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StrixNebulosa
Feb 14, 2012

You cheated not only the game, but yourself.
But most of all, you cheated BABA



Hieronymous Alloy posted:

Need next month's suggestions.

CJ Cherryh! I don't think you could do Cyteen in a month, so Downbelow Station?

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A human heart
Oct 10, 2012



Hieronymous Alloy posted:

Kurlansky also wrote a similar history of cod, titled "Cod: a Biography of the Fish that Changed the World."

Dude has an oevure.

where's the 'salted cod' omnibus edition?

Chamberk
Jan 11, 2004

when there is nothing left to burn you have to set yourself on fire


Safety Biscuits posted:

I enjoyed this but it shows that when all you have is a salty hammer, everything looks like a salty nail.

This about sums it up for me so far - there are some cool historical details (wanna read more about the Celts) but the single-minded return to salt (and fish) over and over got a little old. It was cool to see how it had a social as well as economical/health impact, and now that I'm going into part 3 with the chemistry/industrialization aspect, I feel like it's becoming interesting again.

Natty Ninefingers
Feb 17, 2011


Reiterating The White Boy Shuffle as a suggestion.

Enfys
Feb 17, 2013

i am a dragon


I just started reading it yesterday and am loving it. I'm a little more cautious in my enthusiasm for it after the posts here about historical inaccuracies or too much emphasis on salt's importance, but still loving it.

I really want to try pickling some veg now.

military cervix
Dec 24, 2006

Hey guys


Finished it just now. While interesting in parts, it seemed weirdly structured and a bit too hung up on fish. I really liked the parts set in India and the info on the celts, though.

ulmont
Sep 15, 2010

IF I EVER MISS VOTING IN AN ELECTION (EVEN AMERICAN IDOL) ,OR HAVE UNPAID PARKING TICKETS, PLEASE TAKE AWAY MY FRANCHISE


military cervix posted:

Finished it just now. While interesting in parts, it seemed weirdly structured and a bit too hung up on fish. I really liked the parts set in India and the info on the celts, though.

On the fish bit:

1. Kurlansky first wrote a book about Cod. Along the process he did a lot of investigation into the Basque country and about Salt, which would lead to his next 2 books "The Basque History of the World" and "Salt: A World History."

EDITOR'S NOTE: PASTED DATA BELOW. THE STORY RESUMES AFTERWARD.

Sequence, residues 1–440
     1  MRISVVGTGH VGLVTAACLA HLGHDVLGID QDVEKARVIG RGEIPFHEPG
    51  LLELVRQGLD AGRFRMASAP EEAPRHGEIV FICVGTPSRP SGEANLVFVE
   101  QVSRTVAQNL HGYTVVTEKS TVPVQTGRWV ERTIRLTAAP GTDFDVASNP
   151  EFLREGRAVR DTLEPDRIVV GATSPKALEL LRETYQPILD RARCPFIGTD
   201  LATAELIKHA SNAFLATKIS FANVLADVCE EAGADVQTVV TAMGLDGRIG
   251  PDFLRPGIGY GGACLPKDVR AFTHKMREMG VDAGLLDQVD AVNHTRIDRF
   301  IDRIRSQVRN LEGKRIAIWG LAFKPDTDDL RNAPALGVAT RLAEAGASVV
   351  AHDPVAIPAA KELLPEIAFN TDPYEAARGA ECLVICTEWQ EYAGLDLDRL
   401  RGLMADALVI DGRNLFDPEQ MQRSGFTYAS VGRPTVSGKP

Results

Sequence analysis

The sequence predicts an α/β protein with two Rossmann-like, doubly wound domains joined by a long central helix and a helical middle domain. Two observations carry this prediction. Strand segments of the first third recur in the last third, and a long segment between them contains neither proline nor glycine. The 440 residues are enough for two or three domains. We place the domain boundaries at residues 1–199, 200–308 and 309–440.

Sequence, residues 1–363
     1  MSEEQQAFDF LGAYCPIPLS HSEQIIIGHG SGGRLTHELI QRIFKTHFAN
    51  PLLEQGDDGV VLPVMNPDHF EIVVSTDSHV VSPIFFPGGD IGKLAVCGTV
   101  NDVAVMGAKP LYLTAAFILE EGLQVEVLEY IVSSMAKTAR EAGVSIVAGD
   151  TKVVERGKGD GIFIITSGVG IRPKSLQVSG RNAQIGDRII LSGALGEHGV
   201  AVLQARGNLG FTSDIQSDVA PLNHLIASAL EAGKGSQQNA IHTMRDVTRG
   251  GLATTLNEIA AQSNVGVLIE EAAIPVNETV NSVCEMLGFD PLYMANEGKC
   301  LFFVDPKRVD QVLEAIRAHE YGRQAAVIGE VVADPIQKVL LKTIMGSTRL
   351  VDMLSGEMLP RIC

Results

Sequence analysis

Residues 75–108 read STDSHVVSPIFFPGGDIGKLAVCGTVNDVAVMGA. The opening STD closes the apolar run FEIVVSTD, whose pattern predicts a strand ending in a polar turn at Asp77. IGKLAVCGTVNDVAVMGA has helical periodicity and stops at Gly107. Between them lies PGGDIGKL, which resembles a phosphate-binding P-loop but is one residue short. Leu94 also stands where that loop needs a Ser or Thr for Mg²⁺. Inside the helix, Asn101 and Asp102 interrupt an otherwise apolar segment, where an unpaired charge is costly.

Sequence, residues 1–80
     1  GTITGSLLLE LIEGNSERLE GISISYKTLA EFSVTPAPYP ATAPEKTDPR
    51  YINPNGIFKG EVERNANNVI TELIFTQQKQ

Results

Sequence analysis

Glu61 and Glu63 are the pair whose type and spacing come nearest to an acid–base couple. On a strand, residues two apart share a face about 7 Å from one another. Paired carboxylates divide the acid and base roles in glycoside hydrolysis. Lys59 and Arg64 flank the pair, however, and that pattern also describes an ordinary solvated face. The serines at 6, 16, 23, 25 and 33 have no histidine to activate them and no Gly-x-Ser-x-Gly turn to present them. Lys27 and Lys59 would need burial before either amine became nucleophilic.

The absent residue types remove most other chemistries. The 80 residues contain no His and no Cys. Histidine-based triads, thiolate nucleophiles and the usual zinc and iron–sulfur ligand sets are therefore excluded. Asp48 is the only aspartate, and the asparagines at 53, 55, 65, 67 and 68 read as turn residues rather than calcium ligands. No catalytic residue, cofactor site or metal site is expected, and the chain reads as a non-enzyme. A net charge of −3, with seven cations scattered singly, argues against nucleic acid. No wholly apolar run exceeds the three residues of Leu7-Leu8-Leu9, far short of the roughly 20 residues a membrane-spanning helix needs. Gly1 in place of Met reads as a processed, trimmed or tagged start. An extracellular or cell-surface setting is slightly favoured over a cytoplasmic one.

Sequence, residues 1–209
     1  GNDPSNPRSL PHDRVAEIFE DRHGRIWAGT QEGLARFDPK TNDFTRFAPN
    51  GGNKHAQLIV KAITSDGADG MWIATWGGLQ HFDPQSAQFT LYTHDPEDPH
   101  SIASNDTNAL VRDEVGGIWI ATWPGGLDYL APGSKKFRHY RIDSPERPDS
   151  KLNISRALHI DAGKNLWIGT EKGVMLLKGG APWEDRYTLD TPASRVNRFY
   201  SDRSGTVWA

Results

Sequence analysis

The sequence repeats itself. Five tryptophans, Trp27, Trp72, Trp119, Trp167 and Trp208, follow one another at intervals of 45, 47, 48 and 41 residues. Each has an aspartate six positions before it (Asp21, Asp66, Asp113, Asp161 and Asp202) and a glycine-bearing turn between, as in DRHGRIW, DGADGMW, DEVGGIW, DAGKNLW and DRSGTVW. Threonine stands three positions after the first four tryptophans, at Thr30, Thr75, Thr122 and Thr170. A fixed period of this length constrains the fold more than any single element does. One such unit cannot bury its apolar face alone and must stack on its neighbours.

2. Kurlansky also really loves food in general and fishing in particular; of his nonfiction, 7 books relate to food and 4 of those to fish or seafood.

Groke
Jul 27, 2007
New Adventures In Mom Strength

Well, as I already mentioned, salted cod is awesome, anyway.

Enfys
Feb 17, 2013

i am a dragon


Reading this book makes me really hungry

Hieronymous Alloy
Jan 30, 2009


Why! Why!! Why must you refuse to accept that Dr. Hieronymous Alloy's Genetically Enhanced Cream Corn Is Superior to the Leading Brand on the Market!?!



Morbid Hound

so everyone is agreed that, in honor of the death of noted author Michael Bond, next months' BotM will be "A Bear Called Paddington"

we're all cool with that right

Groke
Jul 27, 2007
New Adventures In Mom Strength

Hieronymous Alloy posted:

so everyone is agreed that, in honor of the death of noted author Michael Bond, next months' BotM will be "A Bear Called Paddington"

we're all cool with that right

Well, seems to be available on the Kindle and it would hit the "nonhuman perspective" point in the booklord challenge.

Ben Nevis
Jan 20, 2011


Hieronymous Alloy posted:

so everyone is agreed that, in honor of the death of noted author Michael Bond, next months' BotM will be "A Bear Called Paddington"

we're all cool with that right

It's a compelling and relevant refugee tale.

For a more serious suggestion, I just got a recommendation for The Egg and Iby Betty MacDonald. It's a memoir about the author, a children's book writer, trying to start a poultry farm in Washington. It's supposed to be witty and a nice summer escape. It hits some Booklord categories and is selfishly already on my list for later this month.

For the lit or people wanting fiction again, you could consider the recent Man Booker International winner A Horse Walks Into a Bar by David Goldstein. A stand up comedian in a backwater town in Israel invites a childhood friend to see his act. It's quickly apparent that he's a bit of a hack, but as the act goes on he starts to spiral out of control, the jokes become few and far between as he starts to reveal his difficult childhood. The audience gets restless and you're trapped with the few who remain as his old friend feels compelled to bear witness and see if his own childhood betrayal will be revealed.

Not sure on SFF.

Talas
Aug 27, 2005



Finishing late. A nice read, but some parts really took out my enjoyment. Like mentioning Moses in Egypt like a fact and other inaccuracies, what?!

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Aardark
Aug 5, 2004

by Lowtax


I was disappointed. It seemed like an interesting theme and I was curious how the author would form a coherent narrative throughout the book. Spoiler, he doesn't. It's just like reading a bunch of Wikipedia history articles with the word "salt". Some are more interesting than others.

All the recipes and detailed descriptions of food are a bit goony and should not have been included imo.

Maybe I'll appreciate it more after a second listen.

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